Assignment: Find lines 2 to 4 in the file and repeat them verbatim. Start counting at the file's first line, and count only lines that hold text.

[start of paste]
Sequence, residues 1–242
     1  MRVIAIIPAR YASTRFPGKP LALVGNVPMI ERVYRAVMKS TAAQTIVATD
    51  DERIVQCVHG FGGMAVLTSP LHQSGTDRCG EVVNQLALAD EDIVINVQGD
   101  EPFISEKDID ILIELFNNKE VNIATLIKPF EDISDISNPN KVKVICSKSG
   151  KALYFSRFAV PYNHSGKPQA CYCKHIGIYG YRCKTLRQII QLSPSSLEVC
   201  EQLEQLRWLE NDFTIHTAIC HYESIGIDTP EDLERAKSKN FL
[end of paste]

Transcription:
     1  MRVIAIIPAR YASTRFPGKP LALVGNVPMI ERVYRAVMKS TAAQTIVATD
    51  DERIVQCVHG FGGMAVLTSP LHQSGTDRCG EVVNQLALAD EDIVINVQGD
   101  EPFISEKDID ILIELFNNKE VNIATLIKPF EDISDISNPN KVKVICSKSG